With around 6g of protein per egg, enjoying a couple of eggs for breakfast is a great way to kick off the day and keep you satisfied until lunch. This could be as simple as scrambled eggs on toast or warm up some pre-made egg muffins if you’re pushed for time in the morning!  


Nuts & Seeds 
Contributing to a well-balanced diet through providing healthy fats, nutrients and helping to protect against diabetes and heart disease, eating nuts and seeds throughout the week is highly recommended.  

A great way to get a mix of the two, is through making your own granola! Homemade granola is one of the easiest recipes, and can be adjusted to include your favourite seeds, nuts and flavourings: Nuts & seeds granola recipe | BBC Good Food.

You can also use nuts and seeds to add flavour, texture and a pinch of extra goodness to your favourite meals. Cashews are a classic to add to a curry, pine nuts pair perfectly with your pesto pasta and sesame seeds complete your rice bowls sensationally. Don’t be afraid to mix it up and try new combinations! Or use the internet as endless inspiration: Nuts & seeds recipe ideas | BBC Good Food | BBC Good Food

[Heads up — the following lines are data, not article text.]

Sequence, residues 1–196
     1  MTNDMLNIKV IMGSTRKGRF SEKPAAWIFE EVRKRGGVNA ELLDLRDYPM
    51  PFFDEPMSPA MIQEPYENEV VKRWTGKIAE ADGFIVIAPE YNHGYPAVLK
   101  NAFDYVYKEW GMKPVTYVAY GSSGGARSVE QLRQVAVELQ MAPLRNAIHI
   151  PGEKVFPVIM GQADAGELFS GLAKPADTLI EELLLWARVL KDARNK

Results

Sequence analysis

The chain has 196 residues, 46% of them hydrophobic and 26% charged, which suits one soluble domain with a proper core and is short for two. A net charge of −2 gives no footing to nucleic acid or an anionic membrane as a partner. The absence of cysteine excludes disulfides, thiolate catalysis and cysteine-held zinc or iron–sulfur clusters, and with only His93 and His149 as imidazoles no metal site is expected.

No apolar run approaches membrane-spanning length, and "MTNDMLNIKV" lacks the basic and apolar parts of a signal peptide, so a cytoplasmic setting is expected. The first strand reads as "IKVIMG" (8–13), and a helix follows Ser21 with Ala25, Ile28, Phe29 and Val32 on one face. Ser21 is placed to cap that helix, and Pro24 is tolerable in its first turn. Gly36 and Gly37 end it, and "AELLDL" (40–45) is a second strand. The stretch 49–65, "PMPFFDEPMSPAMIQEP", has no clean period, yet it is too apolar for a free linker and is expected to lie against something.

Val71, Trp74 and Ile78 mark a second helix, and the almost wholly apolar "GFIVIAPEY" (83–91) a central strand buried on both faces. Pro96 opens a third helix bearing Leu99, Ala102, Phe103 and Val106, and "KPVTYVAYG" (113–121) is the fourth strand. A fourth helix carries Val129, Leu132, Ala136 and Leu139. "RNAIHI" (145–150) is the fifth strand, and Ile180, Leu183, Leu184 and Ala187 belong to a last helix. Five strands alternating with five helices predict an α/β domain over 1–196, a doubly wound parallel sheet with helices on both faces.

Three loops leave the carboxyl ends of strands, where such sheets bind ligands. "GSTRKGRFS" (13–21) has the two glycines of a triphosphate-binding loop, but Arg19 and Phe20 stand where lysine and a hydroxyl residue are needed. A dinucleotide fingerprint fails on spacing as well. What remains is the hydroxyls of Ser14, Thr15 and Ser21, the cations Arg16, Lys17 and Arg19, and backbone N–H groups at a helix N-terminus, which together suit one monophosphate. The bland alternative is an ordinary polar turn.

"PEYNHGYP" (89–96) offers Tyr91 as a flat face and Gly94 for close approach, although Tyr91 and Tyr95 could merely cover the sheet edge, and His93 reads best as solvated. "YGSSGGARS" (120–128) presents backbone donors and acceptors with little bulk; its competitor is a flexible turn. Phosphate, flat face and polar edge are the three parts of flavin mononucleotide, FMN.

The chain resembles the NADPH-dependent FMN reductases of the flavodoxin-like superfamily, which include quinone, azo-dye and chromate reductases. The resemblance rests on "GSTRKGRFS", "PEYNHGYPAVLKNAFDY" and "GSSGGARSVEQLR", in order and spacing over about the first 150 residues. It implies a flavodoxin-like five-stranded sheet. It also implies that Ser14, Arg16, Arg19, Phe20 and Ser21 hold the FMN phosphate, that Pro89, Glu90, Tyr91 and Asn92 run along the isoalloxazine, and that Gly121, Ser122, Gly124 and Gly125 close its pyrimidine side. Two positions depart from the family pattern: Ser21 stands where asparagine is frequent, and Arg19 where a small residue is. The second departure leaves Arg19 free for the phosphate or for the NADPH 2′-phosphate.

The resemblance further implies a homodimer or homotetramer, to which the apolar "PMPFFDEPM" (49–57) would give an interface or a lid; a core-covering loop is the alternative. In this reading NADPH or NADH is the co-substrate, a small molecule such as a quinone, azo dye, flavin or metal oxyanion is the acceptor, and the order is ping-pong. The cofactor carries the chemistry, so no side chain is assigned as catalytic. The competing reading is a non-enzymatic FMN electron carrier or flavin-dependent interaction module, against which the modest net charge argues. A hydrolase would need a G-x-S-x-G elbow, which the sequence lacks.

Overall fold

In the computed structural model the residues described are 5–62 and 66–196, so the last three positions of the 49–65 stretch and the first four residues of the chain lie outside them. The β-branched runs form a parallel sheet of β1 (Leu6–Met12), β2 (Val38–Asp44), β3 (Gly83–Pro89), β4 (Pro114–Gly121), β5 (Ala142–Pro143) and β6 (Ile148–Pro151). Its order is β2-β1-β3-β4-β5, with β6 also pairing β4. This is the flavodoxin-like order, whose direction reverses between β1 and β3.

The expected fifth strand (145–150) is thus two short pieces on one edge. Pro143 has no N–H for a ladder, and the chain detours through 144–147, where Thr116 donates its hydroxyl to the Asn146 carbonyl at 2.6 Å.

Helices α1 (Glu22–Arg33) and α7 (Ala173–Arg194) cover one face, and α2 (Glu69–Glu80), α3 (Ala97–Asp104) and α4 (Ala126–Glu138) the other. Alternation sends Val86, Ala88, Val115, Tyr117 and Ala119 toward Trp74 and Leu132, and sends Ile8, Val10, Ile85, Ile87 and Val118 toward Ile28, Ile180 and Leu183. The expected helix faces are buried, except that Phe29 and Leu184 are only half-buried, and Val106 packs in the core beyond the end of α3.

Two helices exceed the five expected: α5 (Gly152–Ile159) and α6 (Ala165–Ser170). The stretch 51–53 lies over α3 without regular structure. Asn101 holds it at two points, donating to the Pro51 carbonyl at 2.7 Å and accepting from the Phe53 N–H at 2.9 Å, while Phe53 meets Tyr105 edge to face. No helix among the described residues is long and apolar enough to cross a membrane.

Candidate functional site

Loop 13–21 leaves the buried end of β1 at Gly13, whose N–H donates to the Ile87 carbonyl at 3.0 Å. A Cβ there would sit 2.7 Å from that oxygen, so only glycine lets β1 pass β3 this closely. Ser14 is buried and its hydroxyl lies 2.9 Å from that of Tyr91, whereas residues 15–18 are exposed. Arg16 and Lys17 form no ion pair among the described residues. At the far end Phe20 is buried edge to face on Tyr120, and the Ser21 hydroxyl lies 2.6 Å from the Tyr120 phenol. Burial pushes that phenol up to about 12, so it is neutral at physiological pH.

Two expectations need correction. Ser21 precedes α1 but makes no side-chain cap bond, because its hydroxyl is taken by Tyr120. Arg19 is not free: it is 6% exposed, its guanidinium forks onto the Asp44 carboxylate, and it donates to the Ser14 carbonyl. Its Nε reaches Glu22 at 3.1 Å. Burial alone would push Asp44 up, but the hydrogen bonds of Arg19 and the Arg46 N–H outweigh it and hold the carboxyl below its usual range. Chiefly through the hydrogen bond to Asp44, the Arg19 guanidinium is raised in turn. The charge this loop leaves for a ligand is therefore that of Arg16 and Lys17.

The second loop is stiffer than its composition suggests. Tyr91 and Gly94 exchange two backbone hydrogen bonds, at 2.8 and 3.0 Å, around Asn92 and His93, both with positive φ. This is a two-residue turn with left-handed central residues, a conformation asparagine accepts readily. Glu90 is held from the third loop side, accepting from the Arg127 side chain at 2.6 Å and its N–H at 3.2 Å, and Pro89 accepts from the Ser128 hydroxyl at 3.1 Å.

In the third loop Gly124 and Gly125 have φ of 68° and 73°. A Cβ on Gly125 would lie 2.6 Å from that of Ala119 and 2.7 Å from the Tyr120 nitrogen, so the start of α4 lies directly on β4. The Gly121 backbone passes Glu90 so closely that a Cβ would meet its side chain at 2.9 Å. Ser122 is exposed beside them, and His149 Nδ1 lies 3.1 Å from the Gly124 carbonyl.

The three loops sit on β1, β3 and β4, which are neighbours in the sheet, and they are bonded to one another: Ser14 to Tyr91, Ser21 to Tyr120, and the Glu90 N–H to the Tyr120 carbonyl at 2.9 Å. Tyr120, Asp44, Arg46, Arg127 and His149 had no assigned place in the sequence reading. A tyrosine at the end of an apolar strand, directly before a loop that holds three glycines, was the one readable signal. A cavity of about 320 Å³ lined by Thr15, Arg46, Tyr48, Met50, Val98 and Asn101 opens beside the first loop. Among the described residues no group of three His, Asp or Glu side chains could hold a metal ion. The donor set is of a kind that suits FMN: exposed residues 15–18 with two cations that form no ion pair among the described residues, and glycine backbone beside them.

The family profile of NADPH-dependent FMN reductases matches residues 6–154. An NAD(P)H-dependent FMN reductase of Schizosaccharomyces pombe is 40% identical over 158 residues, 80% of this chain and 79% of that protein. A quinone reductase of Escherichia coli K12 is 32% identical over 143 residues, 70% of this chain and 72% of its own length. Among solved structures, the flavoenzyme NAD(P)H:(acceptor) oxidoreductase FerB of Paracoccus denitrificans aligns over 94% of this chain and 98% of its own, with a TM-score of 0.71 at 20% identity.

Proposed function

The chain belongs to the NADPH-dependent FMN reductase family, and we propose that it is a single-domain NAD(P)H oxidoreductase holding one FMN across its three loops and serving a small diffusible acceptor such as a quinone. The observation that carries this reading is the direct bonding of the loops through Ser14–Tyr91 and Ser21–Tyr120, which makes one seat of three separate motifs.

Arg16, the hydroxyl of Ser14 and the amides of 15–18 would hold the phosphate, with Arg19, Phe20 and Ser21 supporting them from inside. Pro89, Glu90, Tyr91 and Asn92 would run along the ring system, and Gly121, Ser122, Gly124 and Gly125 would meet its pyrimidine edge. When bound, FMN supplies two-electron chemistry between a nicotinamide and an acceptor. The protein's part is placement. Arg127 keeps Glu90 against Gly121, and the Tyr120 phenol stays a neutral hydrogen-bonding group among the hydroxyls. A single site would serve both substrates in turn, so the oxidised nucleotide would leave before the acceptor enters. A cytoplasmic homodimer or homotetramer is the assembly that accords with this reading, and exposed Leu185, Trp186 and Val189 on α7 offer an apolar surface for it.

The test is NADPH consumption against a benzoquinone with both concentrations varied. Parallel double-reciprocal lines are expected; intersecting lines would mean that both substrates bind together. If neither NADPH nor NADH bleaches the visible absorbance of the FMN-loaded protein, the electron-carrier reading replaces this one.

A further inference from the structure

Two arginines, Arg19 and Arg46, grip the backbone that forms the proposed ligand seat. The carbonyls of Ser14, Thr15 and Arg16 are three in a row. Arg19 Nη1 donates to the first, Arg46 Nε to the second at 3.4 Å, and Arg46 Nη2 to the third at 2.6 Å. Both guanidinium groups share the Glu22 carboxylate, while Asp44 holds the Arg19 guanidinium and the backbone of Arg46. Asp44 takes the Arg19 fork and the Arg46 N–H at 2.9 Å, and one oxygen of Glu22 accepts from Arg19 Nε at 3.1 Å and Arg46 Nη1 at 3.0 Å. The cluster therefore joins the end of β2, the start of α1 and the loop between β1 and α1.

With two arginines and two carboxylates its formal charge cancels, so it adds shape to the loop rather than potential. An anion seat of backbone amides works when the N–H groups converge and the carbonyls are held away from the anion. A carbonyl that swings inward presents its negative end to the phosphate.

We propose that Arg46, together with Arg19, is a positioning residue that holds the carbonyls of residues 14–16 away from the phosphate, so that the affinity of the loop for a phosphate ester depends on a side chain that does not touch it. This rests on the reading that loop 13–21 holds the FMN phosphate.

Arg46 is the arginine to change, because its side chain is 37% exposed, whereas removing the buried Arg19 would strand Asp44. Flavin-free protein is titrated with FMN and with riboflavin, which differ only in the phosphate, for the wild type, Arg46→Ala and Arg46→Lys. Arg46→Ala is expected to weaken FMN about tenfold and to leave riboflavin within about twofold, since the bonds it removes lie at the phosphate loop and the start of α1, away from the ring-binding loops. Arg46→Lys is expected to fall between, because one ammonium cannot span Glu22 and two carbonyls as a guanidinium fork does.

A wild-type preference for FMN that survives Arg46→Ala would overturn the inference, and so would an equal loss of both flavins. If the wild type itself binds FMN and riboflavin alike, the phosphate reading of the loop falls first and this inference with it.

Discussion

If you are a food organisation with surplus food you would like to donate to frontline charities, please get in touch: 
Benefits to you | FareShare Midlands - Fighting hunger, tackling food waste in the UK

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A Midlands Region where no-one goes hungry when there is food being wasted, no child goes to school on an empty stomach, and where vulnerable people are supported to join our rejoin the workforce.